Norg(String),
 Florg(bool)
}

let x = Blorg::Flarg(1); // enums can be detected with a match
match x {
    Blorg::Flarg(1) => println!("x is a Flarg with value of 1!"),
    Blorg::Flarg(_) => println!("x is a Flarg with non-1 value"),
    Blorg::Norg(_) => println!("x is a Norg"),
    _ => println!("neither Flarg nor Norg"),
}

// Enums can also derive traits
#[derive(Clone,Debug,PartialEq)]  // cannot derive Default on enum
enum ColorMapData {
    OneByteColors(Vec<u8>),
    FourByteColors(Vec<u32>),
}

// Enums can also have methods / functions, using impl
// the key is that inside the function, pattern matching is used
// to determine which variant of the Enum the function receives
impl ColorMapData {
  fn description(&self)->String {
    let (numcolors,numbytes) = match self {
      ColorMapData::OneByteColors(x) => (x.len(),"1"),
      ColorMapData::FourByteColors(x) => (x.len(),"4"),
    };
    format!("ColorMap with {} colors, {} bytes per color",numcolors,numbytes)
}}

// functions can take Enum as arguments
fn examinecm( c:ColorMapData ) { println!("{}",c.description()); }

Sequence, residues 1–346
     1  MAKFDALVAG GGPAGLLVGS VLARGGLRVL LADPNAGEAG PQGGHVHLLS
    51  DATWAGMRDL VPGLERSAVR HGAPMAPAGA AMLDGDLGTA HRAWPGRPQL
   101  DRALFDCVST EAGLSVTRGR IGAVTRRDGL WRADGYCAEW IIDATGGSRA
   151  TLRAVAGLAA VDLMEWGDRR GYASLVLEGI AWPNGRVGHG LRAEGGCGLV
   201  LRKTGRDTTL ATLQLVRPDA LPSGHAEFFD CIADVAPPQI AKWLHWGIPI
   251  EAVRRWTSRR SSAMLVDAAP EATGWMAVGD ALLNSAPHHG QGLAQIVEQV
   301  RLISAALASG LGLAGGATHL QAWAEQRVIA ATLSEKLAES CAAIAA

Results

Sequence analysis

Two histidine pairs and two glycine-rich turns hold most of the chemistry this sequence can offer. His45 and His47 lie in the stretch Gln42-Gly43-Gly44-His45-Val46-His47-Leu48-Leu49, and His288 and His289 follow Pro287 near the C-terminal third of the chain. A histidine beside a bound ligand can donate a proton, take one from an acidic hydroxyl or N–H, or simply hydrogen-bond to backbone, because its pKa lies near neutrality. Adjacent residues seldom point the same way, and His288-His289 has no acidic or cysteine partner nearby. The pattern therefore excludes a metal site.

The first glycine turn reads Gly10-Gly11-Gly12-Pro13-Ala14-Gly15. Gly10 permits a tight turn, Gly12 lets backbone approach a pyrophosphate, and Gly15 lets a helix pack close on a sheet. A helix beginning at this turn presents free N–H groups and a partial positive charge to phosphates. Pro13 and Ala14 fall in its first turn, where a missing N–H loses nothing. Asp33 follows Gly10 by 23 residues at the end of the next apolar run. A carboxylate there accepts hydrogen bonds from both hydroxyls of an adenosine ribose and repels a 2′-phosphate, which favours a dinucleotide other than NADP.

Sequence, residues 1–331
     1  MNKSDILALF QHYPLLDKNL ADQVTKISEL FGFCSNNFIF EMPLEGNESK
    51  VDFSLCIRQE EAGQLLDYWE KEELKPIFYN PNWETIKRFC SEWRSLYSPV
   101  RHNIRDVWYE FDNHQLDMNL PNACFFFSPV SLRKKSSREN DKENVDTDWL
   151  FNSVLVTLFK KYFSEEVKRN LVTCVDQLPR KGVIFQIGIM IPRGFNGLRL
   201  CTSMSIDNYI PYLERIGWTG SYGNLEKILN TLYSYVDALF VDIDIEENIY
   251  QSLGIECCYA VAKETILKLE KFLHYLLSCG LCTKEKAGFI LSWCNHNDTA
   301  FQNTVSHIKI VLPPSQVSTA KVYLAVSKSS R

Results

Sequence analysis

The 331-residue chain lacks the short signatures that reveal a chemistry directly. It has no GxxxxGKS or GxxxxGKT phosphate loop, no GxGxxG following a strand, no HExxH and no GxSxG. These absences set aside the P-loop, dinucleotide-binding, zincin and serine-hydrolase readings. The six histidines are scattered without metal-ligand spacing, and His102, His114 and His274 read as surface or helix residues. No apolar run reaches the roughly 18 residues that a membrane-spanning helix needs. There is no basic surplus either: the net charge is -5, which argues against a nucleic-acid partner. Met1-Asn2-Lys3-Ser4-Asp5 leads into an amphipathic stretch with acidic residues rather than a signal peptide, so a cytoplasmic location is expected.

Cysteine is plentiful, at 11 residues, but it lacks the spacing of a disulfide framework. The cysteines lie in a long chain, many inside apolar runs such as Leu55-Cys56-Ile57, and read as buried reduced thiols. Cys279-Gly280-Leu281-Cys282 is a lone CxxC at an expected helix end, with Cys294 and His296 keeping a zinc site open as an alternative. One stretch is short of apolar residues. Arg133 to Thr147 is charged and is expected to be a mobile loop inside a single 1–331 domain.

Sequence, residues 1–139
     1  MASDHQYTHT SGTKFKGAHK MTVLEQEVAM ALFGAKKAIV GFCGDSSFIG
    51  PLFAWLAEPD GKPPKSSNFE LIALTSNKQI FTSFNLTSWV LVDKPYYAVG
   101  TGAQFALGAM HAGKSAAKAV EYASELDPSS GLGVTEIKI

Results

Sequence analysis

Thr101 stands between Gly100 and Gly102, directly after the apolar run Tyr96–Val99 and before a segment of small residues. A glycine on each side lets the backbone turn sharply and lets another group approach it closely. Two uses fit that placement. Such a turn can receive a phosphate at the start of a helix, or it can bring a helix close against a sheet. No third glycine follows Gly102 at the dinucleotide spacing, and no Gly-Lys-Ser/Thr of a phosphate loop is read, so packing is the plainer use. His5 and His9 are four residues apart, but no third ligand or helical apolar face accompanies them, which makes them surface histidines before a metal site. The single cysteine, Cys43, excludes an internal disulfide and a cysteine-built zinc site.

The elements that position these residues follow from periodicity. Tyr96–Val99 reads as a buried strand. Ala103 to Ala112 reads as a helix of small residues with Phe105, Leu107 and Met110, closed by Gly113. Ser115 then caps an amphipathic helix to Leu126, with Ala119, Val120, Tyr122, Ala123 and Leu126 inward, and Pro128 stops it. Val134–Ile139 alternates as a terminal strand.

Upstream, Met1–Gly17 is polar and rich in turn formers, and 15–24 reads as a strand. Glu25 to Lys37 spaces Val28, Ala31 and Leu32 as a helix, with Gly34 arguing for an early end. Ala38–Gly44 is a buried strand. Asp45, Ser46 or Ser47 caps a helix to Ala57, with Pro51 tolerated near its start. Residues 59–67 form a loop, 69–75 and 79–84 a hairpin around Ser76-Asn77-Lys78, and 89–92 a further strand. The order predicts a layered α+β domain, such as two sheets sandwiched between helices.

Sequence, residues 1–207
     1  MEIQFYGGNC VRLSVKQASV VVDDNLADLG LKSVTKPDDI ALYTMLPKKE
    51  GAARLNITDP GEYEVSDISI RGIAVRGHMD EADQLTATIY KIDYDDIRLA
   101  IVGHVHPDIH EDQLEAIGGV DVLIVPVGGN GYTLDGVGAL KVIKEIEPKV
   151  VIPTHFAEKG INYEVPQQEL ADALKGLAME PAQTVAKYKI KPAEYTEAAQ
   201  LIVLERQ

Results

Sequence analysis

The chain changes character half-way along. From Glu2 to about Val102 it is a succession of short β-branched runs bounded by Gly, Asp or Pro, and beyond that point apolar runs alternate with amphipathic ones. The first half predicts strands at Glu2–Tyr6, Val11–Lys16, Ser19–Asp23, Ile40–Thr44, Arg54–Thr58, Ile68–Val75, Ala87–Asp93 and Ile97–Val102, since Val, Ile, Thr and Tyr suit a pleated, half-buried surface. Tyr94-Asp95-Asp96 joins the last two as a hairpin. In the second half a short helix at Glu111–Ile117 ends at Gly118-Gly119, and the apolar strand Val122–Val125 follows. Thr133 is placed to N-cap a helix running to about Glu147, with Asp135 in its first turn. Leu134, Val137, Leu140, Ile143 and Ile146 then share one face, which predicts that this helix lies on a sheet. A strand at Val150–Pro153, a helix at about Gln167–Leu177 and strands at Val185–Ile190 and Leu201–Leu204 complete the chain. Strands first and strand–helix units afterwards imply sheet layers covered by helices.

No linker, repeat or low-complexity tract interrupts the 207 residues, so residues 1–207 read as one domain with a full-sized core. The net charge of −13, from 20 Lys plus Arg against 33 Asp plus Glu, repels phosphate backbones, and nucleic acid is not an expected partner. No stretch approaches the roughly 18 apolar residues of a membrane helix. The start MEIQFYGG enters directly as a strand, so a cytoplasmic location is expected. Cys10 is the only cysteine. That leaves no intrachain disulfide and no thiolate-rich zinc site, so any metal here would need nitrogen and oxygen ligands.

let ca = ColorMapData::FourByteColors(vec![0xFFAA32FFu32,0x00AA0011,0x0000AA00]);
let cb = ColorMapData::OneByteColors(vec![0,1,3,9,16]);
examinecm(ca);
// ColorMap with 3 colors, 4 bytes per color
examinecm(cb);
// ColorMap with 5 colors, 1 bytes per color

Using strum, a reflection package, you can iterate an enum’s values

cargo add strum strum_macros
use strum::IntoEnumIterator;  
#[derive(Debug, strum_macros::EnumIter)]
enum Tofu { Smooth, Firm, ExtraFirm }
Tofu::iter().for_each(|d|print!("{d:?},")); // Smooth,Firm,ExtraFirm

Collections, Key-value pairs, Sets

HashMap, aka associative array / key-value store / map

use std::collections::{HashMap};
let mut m = HashMap<char,i32>::new();   
m.insert('a', 1);                   // key is 'a', value is 1
let b = m[&'a'];                    // [] lookup, this crashes at runtime if 'a' is not in map
let c = m.get(&'a').unwrap_or(&-1); // .get(), c == -1 if a is not in map. no crash.
match m.get(&'a') {                 // deal with map get() lookup using Match + Option
    Some(x)=>println!("a found in map, value is {}",x),
    None=>println!("a not found in map"),
}
if let Some(x) = m.get(&'a') {     // deal with map get() lookup using if let + Option
    println!("a found in map, value is {}",x);
}  // if 'a' is not in map, do nothing

*m.get_mut(&'a').unwrap() += 2;  // change a value inside a map